Retired Chicago Tribune foreign correspondent Richard C. Longworth discusses his 1977 “Primer for Diplomats,” a concise and still timely survey of the duties of diplomats and the importance of diplomacy.
BY CECILE SHEA
From January 1977 through September 1979, Reverend Andrew Young—a former executive director of the Southern Christian Leadership Conference, a former member of Congress and a hero of the Civil Rights Movement—served as the U.S. ambassador to the United Nations.
Young, who had spent his life speaking bluntly and, as a member of Congress, independently, was ill-suited to the life of a circumspect administration official. He garnered attention overseas and caused heartburn in Washington with blunt, not-always-aligned-with-U.S.-policy statements. He described Zimbabwe’s 1979 election as “neofascist” and referred to the government of South Africa as “illegitimate,” a sentiment no doubt shared by many Americans but not accurate as a matter of U.S. foreign policy. His musings that Cuban troops in Angola could be viewed as a force for stability angered many in the United States.
Six months into Young’s tenure as ambassador, and in response to the civil rights icon’s apparent difficulties adapting to his new job, Chicago Tribune foreign correspondent Richard C. Longworth wrote his “Primer for Diplomats.” Appearing in the July 10, 1977, Tribune, Longworth’s remarkably timeless piece was both an explanation of why diplomacy mattered and a concise survey of the duties and responsibilities of an American diplomat.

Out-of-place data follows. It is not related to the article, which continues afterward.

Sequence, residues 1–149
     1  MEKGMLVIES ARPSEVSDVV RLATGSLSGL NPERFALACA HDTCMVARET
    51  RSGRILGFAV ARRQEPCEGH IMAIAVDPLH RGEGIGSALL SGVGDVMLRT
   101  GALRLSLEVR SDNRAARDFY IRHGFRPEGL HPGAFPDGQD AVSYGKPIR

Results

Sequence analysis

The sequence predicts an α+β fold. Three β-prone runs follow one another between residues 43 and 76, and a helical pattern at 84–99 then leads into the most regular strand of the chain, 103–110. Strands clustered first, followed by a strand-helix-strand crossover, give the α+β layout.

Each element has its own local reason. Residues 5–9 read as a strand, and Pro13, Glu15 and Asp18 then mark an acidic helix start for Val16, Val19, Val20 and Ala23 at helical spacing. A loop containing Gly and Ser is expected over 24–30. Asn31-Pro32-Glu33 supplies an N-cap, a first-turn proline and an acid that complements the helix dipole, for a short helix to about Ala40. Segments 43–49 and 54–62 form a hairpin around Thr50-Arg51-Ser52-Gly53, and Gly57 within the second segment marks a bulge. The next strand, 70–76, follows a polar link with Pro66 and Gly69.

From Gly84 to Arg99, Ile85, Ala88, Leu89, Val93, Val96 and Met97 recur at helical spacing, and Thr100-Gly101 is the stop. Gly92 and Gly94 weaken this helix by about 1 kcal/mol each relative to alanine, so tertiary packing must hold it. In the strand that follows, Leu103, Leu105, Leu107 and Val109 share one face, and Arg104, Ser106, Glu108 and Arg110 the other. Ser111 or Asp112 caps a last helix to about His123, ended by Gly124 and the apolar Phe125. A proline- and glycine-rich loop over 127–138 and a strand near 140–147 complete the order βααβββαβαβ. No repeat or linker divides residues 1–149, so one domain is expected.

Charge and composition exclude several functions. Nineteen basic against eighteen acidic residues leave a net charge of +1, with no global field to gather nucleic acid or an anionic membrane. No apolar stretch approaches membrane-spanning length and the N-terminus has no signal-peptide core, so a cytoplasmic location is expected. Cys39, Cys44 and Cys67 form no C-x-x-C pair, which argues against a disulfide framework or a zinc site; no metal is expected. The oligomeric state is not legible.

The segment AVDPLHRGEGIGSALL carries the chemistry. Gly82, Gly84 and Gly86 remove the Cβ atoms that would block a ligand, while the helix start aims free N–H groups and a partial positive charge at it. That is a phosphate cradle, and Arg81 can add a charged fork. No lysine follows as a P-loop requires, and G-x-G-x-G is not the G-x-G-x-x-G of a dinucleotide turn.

Intrigued both by Longworth’s forceful opinions on what makes a good ambassador and his obvious familiarity with how embassies operate, I sat down this past summer with the two-time Pulitzer finalist to ask what inspired him to write the primer almost 40 years ago.
Cecile Shea: A theme of your piece seems to be that even extremely accomplished individuals may not be cut out for diplomacy.
Richard C. Longworth: Not everyone is cut out to be an ambassador, any more than good businessmen make good politicians or good journalists make good managers. Some do, most don’t. Diplomacy, like any profession, requires certain skills and personalities. Andy Young’s record on civil rights and in politics is stellar, because they suited his abilities and personality. But he was a poor ambassador because he wasn’t content to subdue his personal beliefs and abide by the rules of the profession. In other words, a good man in the wrong trade. I think my point is that diplomacy is terrifically important and, by and large, is best not left to amateurs. I admire professionals in all trades, and diplomacy is no exception.
CS: In “Primer,” you criticize Henry Kissinger’s shuttle diplomacy and argue that our nation should rely on on-the-ground diplomats. Do you think there is a role for Kissinger-style diplomacy? What should be the balance between special emissaries based in D.C. and the ambassador and his or her staff who are resident in the country?